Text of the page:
Design of experiment

The experiment was laid out in a randomized complete-block design in a 3 × 4 × 4 factorial arrangement. The first factor was orange variety (Early Valencia, Jaffa, and Late Valencia), the second factor was EFF concentration (0.01, 0.02, 0.04% of hexanal and untreated fruit/control), and the third factor was time of EFF application prior to fruit harvest, i.e. days to harvest (7, 21, 42 and 60 days). The experiment was repeated twice, from April 2017 to July 2017, and from August 2017 to December 2017. A single tree of each variety was considered as an experimental unit, which was replicated ten times. EFF was manually sprayed on orange fruits until dripping using a low-pressure knapsack sprayer. Each variety was sprayed according to its phenology. The EFF concentrate was prepared by mixing 100 ml of Ethanol (95%) with 100 ml of Tween 20 in a suitable container while stirring. Hexanal volumes of 5, 10, and 20 ml, were then added to the mixture separately. We diluted the mixture with water to make 50 l solution corresponding to 0.01, 0.02, and 0.04% of hexanal. The volume for the pre-harvest spray ranged from 1 to 3 l depending on the size of the tree and the number of fruits per tree.

Data collection and analysis

Fruits were harvested at maturity, based on commercially acceptable indicators of colour (yellow peel colour), size (minimum 53 mm) and shape (slight or no defect in shape) [24, 27]. Data were collected immediately after the harvest of the fruits on the total number of fruits, the number of non-marketable fruits and incidences of pest damage as described below. The dropped fruits per tree were collected and counted at an interval of 1 week from the 7th day after the application of EFF concentration and stopped just before the first fruits were harvested. The harvested fruits were sorted into marketable and non-marketable fruits per tree. According to OEDC [24], orange fruit with sunburn, stem end rot, anthracnose, bruising, scar, and powdery mildew infections were considered as non-marketable. Data on incidences of pest damage were obtained by sorting and counting fruits with pest defects. The major pest defects were caused by fruit flies, fruit piercing moth, false codling moth, and anthracnose.

All data were averaged by replications and growing period. Data in percentage were transformed using arcsine scale. Data analysis procedures for post-harvest losses described by FAO [28] were followed. Multiple regression analyses were performed using Minitab version 19. 2020. 1.0 (Minitab LLC). We determined the association between the independent variables (predictors), i.e. EFF concentration, variety and time (days to harvest) and the dependent/response variables, i.e. fruit drop, non-marketable fruit and incidence of pest damage.


Effects of EFF concentration on fruit drop

Our results show that independent variables EFF concentration, variety and time significantly predicted the fruit drop from trees of the three varieties (F(4, 91) = 9.24, p < .0001). EFF concentration has a significant inverse relationship with fruit drop (Table 1). An increase in EFF concentration by 1%, is expected to reduce number of dropped fruit by 326, keeping other factors constant. Furthermore, number of dropped fruit is expected to increase by 0.71 for each day away from harvest, keeping other factors constant. Varieties Jaffa and Late Valencia are expected to have lower numbers of dropped fruit by 1.80 and 2.95, respectively, compared with Early Valencia, although in both cases the correlations were not significant (Table 1).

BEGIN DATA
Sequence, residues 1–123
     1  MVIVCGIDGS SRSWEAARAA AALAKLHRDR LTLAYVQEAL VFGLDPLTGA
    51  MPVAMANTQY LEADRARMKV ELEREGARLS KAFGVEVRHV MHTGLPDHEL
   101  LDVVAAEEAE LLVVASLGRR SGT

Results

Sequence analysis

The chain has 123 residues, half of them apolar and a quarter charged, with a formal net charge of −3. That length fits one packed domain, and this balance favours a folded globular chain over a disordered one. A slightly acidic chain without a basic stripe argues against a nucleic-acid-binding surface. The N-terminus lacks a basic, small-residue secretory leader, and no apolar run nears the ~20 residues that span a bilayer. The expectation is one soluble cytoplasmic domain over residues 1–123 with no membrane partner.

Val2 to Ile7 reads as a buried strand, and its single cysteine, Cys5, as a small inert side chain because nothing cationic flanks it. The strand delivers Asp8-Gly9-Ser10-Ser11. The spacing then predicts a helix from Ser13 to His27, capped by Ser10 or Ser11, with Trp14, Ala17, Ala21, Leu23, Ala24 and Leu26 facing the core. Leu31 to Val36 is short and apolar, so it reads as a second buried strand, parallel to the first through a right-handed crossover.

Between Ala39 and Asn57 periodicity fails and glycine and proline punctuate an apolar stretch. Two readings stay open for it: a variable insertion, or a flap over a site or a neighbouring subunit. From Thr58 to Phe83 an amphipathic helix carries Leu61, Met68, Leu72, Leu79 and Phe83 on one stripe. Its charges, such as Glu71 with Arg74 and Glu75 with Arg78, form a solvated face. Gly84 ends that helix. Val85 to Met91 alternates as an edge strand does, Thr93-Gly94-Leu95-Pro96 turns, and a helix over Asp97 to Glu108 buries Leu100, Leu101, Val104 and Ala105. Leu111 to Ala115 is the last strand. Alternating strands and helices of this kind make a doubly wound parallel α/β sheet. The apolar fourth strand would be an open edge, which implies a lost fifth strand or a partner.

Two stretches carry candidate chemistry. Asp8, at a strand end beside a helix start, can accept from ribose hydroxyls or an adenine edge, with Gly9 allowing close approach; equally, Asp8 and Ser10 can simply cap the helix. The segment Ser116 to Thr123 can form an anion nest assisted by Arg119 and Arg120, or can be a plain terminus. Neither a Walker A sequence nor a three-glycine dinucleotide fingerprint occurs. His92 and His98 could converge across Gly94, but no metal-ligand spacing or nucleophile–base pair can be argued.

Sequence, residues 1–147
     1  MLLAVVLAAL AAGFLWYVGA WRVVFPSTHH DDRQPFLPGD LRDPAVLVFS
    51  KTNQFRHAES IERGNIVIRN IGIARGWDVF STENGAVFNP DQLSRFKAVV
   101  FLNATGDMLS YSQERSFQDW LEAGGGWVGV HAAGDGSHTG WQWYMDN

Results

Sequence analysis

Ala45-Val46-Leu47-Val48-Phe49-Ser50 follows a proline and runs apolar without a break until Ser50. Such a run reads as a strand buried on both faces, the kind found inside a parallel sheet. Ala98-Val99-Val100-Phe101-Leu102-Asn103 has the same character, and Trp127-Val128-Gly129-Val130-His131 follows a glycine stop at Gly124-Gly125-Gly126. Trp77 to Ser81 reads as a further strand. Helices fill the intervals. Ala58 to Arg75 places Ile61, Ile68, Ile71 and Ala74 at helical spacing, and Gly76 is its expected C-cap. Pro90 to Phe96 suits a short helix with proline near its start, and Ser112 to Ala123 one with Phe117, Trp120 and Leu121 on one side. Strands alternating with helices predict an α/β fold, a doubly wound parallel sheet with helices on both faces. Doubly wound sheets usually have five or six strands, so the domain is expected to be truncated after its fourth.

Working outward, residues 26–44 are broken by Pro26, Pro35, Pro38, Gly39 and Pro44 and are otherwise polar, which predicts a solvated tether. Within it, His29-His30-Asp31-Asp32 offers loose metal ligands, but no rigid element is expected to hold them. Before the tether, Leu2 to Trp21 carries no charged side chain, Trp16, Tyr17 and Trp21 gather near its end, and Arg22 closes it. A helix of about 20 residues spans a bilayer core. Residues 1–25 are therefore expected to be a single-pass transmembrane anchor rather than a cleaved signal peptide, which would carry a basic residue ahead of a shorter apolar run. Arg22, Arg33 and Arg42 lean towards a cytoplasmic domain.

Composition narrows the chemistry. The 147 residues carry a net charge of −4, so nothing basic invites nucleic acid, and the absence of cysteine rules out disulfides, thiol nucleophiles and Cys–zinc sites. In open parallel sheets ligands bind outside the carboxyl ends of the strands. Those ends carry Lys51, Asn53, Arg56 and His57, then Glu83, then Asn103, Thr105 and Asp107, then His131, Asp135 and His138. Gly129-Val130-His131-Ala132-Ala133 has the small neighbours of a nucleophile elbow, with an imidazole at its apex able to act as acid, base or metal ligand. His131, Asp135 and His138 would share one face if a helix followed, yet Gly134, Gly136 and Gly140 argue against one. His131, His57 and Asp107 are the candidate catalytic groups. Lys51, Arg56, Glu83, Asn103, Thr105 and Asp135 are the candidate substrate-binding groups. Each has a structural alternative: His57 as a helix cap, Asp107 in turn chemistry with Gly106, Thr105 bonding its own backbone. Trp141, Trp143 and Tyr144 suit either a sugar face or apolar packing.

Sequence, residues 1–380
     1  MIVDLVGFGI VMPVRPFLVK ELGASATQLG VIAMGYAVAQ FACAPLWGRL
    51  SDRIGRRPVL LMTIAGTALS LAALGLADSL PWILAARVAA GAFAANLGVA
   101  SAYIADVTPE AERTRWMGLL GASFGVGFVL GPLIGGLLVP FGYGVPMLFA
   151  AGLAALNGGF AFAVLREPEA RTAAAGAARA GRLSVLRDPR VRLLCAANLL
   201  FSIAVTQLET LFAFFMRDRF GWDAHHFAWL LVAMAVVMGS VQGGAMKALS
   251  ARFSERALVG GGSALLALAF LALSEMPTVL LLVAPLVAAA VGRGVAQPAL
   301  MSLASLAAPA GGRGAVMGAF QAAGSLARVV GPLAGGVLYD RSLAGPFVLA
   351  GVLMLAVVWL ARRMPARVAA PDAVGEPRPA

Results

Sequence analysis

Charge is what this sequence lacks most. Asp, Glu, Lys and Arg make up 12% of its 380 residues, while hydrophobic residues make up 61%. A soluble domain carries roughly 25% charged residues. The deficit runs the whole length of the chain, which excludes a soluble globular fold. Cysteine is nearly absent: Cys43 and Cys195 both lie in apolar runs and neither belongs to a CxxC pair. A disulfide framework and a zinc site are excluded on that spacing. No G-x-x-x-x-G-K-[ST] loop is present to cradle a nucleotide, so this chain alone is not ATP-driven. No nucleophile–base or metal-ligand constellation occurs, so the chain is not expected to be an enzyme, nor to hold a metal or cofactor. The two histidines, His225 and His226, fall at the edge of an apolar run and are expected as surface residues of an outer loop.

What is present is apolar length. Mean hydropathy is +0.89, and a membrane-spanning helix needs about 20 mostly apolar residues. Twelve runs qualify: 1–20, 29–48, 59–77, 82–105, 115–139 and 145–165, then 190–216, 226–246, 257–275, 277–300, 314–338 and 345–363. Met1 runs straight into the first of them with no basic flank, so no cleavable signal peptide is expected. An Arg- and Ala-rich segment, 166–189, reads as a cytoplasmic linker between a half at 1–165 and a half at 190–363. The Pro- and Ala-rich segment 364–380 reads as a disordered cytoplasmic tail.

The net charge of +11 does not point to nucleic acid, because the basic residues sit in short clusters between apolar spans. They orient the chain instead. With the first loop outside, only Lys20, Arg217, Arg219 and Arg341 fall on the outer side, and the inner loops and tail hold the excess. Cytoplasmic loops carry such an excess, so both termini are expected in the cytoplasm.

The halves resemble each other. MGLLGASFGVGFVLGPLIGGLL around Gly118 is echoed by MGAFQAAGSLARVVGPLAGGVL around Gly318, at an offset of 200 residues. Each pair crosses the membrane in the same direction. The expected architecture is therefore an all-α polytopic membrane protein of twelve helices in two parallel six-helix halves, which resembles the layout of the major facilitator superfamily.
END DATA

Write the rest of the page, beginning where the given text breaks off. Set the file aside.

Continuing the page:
Table 1 Effect of predictors on fruit drop

Effects of EFF concentration on percentage of non-marketable fruit

Our results further show that independent variables EFF concentration, variety and time significantly predicted the percentage of non-marketable fruit (F(4, 91) = 4.69, p = .002). EFF concentration has a significant negative correlation with non-marketable fruit. An increase in EFF concentration by 1%, is likely to reduce percentage of non-marketable fruit by 36, keeping other factors constant. Varieties Jaffa and Late Valencia are expected to have lower percentages of non-marketable fruit by 0.14 and 0.54, respectively, compared with Early Valencia, although in both cases, the correlations were not significant (Table 2).

Table 2 Effect of predictors on percentage of non-marketable fruit

Effects of EFF concentration on incidence of pest damage

We also found that EFF concentration, variety and time significantly predicted incidence of pest damage on three orange varieties (F(4, 91) = 4.09, p = .004). Incidences of pest damage are likely to be lower by 36.5% for 1% increase in EFF concentration. Compared with Early Valencia, variety Jaffa is likely to have a lower incidence of pest damage by 0.26% while Late Valencia is expected to have a higher incidence by 0.22% (Table 3).

Table 3 Effect of predictors on incidence of pest damage